• Serve @2x images. Where you used to have a 100×100 pixel JPG, serve a 200×200 JPG but keep the width and height at 100. It works as expected for older devices, but newer devices with reasonable browsers will take advantage of the extra information density to draw the image with greater precision. The main downside to this approach was that even older devices would be forced to download the larger, higher-resolution image files.
  • Use CSS background images. This approach took advantage of the ability for CSS to specify that specific CSS rules should be applied only on devices where the ratio of pixels to screen points was e.g. 2 instead of 1. Because the CSS would be evaluated before any resources are loaded, using this technique would allow a browser to download only the image suitable for display on the current device. The main downside I saw to this was that it encouraged moving away from semantic “img” tags and towards using e.g. div tags that just happen to behave just like images. Things tend to go to hell when printing a page that uses this trick, and I have to imagine it isn’t super friendly to screen-reading technologies.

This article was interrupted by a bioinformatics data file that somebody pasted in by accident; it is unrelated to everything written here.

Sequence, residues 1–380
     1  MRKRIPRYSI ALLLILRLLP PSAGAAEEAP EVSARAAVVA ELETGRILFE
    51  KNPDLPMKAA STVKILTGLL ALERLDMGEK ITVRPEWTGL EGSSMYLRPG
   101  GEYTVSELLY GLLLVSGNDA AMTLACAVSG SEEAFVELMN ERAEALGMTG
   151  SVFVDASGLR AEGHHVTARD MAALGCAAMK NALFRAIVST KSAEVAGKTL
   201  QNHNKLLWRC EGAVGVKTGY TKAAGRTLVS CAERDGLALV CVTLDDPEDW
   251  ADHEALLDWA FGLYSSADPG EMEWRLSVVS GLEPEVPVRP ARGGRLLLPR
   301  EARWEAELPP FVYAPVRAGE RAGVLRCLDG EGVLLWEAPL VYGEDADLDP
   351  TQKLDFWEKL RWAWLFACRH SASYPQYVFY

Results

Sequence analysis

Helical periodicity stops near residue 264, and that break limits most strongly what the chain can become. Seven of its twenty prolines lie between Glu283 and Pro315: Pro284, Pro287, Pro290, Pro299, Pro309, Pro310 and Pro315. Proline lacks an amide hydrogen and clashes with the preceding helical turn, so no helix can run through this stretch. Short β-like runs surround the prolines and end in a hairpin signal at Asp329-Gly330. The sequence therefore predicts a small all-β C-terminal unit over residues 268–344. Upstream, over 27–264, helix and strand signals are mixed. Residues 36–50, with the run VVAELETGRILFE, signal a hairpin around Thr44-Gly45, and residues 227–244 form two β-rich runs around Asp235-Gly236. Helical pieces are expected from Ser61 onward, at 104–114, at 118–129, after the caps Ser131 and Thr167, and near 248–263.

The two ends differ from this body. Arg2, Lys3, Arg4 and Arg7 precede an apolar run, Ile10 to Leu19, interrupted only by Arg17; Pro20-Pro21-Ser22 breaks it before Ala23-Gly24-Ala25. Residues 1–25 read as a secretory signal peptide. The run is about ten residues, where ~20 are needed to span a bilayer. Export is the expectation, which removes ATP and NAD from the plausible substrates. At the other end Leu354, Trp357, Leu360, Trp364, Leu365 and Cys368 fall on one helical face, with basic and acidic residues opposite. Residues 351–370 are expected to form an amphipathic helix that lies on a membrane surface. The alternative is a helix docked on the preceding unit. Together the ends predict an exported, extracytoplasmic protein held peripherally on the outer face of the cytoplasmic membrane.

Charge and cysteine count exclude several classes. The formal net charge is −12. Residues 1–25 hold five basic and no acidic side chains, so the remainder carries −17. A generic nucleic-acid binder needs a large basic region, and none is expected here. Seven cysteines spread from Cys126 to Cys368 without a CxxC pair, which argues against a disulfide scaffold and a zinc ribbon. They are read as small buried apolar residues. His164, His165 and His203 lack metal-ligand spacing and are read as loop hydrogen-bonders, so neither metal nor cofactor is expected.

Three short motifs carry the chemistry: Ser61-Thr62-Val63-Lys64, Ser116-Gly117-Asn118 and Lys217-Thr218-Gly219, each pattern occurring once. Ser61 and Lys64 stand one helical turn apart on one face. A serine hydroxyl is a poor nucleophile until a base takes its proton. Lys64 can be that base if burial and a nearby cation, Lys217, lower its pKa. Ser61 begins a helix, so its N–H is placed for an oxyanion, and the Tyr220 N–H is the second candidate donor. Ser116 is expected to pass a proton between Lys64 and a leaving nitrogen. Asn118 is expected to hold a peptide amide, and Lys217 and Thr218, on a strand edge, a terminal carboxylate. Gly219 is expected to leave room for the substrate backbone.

• Use JavaScript hacks. I say “hacks” with a careful tongue, meant to express both disdain and admiration. Actually, I don’t know how many bona fide solutions there were in the early days, but I seem to recall people talking of dynamic scripts that would rewrite the “src” attributes of image URLs depending on whether they were being loaded on a HiDPI screen or not. The downsides here are that is feels super fiddly, and there were questions, borne out as justified I think, as to whether the tricks would work universally or not.

I jumped to update most of the Red Sweater pages. Why? Mainly for the reasons I listed in Target The Forward Fringe:

HiDPI customers may be a fringe group, but they are a forward-facing fringe. They represent the users of the future, and the more we cater to them now, the more deeply embedded our products and designs will be in their culture. The future culture.